The second study was published in the June issue of the journal Pediatrics. Use of the PSIs to examine of the types of patient safety problems that children experience in hospitals found that the rates of such problems range from 0.2 (foreign body left during procedure) to 154.0 (birth trauma) problems per 10,000 discharge records. The study also found that those who experienced a patient safety problem in the hospital faced a 2-18 times greater risk of death than children who did not have such a problem.
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I would like to thank you again for giving me the opportunity to discuss the very important issue of medical errors, patient safety, and furthering a culture of continuous quality improvement in hospitals and health care organizations.
I would like to reiterate the commitment that Secretary Thompson and the Administration have to creating a culture of improvement and safety in the health care system and providing evidence-based tools and resources to achieve that goal. In particular, I am very pleased that AHRQ is providing the science that is fueling these efforts.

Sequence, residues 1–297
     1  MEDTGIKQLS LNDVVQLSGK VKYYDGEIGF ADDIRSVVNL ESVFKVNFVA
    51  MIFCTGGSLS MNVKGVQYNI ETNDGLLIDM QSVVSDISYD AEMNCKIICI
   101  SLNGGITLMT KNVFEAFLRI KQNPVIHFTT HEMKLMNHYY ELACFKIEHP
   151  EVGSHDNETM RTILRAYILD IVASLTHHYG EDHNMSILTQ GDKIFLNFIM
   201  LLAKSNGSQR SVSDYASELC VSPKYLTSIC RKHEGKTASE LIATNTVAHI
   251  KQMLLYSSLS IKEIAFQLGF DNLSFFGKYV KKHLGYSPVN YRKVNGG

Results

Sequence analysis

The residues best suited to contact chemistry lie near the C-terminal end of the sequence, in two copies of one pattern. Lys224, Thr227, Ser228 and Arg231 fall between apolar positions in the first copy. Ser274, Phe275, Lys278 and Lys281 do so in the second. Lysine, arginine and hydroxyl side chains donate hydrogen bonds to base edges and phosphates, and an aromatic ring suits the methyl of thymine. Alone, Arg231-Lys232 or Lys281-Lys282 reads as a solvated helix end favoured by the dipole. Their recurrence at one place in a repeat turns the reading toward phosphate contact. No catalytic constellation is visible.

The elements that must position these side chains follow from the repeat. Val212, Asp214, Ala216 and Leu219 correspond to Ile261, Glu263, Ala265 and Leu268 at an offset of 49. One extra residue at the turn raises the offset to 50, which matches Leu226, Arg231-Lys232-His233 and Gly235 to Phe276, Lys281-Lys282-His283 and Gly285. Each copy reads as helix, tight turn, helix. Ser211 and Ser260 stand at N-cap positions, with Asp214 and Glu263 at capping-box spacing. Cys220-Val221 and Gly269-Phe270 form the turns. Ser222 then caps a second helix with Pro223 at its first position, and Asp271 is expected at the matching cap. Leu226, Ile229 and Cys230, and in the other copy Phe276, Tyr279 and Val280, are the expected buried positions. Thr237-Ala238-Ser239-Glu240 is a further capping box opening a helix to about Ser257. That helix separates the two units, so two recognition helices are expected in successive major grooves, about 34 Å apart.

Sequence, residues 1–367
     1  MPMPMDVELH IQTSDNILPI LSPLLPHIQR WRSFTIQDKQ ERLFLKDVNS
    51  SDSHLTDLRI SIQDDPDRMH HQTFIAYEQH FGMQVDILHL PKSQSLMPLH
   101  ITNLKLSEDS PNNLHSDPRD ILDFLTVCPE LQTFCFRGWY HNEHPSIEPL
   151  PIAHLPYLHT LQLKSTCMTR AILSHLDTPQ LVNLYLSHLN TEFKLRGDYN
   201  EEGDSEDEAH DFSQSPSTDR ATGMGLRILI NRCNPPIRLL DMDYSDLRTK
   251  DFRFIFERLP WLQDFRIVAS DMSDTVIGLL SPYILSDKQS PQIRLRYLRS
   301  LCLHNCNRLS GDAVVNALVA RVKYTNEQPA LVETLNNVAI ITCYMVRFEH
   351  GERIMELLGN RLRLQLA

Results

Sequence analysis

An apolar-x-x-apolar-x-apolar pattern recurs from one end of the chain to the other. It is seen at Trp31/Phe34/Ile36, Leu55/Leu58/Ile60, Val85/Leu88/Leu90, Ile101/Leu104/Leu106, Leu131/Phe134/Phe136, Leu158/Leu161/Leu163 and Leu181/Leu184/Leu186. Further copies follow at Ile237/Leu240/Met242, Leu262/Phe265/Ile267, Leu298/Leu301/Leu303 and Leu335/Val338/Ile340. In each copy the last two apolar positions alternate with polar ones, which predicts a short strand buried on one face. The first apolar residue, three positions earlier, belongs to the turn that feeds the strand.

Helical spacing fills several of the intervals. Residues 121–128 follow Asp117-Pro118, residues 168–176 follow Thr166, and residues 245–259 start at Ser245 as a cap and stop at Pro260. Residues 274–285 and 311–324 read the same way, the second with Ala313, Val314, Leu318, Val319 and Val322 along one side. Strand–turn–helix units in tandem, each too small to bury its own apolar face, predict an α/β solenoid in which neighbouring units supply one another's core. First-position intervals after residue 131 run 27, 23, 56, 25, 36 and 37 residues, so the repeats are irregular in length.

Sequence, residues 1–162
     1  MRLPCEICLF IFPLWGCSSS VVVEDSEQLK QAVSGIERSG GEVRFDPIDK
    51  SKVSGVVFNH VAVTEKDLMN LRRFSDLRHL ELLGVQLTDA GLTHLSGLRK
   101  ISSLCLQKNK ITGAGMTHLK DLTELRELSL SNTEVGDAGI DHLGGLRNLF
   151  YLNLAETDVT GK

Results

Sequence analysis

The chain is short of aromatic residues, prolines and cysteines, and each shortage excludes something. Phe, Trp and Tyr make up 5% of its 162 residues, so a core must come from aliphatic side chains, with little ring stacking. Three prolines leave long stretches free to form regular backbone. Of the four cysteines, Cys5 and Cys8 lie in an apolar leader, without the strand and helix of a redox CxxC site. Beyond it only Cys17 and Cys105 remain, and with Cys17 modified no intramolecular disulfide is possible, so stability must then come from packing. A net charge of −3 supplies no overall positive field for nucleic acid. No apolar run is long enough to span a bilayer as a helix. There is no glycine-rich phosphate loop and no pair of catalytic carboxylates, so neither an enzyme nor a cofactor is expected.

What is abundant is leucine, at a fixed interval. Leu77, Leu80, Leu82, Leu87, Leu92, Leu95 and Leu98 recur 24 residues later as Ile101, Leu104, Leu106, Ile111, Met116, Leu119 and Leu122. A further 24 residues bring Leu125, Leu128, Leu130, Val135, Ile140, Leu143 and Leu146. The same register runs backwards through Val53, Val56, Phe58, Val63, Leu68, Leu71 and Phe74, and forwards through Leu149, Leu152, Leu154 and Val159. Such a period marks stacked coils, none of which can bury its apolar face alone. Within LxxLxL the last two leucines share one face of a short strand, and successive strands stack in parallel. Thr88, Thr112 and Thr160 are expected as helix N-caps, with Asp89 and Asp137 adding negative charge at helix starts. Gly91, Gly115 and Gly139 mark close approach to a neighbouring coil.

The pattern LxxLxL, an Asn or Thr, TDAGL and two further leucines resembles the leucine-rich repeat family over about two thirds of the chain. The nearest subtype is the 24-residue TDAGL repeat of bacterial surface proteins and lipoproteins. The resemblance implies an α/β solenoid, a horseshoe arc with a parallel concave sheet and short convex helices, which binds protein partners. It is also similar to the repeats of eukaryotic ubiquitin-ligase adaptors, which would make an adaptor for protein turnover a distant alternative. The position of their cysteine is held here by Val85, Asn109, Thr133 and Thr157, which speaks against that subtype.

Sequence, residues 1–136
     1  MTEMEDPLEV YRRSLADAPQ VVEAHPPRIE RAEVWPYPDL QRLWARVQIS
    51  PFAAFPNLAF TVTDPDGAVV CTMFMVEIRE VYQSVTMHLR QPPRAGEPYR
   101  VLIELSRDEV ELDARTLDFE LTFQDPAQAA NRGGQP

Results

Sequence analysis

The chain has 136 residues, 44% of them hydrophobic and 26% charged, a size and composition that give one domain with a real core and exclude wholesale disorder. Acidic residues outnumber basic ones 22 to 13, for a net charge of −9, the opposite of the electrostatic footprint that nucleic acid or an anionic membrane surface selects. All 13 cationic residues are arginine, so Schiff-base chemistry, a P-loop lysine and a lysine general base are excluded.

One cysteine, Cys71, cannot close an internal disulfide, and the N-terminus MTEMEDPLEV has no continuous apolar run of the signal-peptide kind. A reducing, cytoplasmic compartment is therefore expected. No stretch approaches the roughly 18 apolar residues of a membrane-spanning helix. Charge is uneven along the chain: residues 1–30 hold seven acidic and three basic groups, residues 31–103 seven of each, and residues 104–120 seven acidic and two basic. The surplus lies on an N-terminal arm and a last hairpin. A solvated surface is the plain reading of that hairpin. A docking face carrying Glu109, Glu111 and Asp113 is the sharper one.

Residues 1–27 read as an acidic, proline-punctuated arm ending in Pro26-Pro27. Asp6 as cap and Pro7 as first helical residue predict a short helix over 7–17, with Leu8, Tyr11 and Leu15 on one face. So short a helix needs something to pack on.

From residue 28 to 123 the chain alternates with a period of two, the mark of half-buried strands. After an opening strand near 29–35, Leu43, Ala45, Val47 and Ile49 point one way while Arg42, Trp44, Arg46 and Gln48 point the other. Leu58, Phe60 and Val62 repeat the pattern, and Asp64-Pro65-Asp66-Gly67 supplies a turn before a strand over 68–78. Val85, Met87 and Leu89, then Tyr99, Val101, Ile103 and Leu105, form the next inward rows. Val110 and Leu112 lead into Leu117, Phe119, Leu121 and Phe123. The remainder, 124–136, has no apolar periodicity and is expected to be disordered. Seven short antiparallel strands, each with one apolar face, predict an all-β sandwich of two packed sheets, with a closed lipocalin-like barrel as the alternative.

One of the best examples of this commitment is continued support for patient safety research, the patient safety improvement corps, and the challenge grants in our proposed FY 2004 budget.
The budget also includes a very exciting new $50 million initiative to spur adoption of information technology by the nation's hospitals. Specifically, this initiative will provide planning and demonstration grants as well as technical assistance to help hospitals and other health care organizations to acquire and improve IT systems that support quality improvement and patient safety. This initiative will include a special focus of $26 million on small and rural hospitals.
Working together, we can improve patient safety, enhance health care quality, and give the American people the best, safest health care system possible. Thank you.
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Current as of June 2003